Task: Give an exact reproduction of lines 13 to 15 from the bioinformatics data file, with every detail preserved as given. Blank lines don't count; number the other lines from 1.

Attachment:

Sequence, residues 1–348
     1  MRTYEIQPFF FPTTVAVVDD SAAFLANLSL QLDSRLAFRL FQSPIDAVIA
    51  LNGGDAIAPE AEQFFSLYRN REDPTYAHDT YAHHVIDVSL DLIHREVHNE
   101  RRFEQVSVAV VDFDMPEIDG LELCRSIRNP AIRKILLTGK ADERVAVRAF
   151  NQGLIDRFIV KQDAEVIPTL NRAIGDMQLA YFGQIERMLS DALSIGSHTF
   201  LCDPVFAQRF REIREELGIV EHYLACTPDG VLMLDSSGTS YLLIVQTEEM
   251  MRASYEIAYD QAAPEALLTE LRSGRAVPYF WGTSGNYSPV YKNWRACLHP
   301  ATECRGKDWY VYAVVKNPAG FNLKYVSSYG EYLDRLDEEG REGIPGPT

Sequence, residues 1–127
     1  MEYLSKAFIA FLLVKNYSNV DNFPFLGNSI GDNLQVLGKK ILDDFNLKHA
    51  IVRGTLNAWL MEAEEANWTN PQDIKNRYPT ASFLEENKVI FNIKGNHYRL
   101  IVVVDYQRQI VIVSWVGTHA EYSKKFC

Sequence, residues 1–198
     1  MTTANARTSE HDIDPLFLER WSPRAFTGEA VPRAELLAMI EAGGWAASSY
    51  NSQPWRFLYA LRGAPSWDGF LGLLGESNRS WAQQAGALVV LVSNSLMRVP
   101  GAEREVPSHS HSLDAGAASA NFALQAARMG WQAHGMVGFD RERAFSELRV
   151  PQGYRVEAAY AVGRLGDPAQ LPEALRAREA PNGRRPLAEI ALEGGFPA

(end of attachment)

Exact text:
Sequence, residues 1–198
     1  MTTANARTSE HDIDPLFLER WSPRAFTGEA VPRAELLAMI EAGGWAASSY
    51  NSQPWRFLYA LRGAPSWDGF LGLLGESNRS WAQQAGALVV LVSNSLMRVP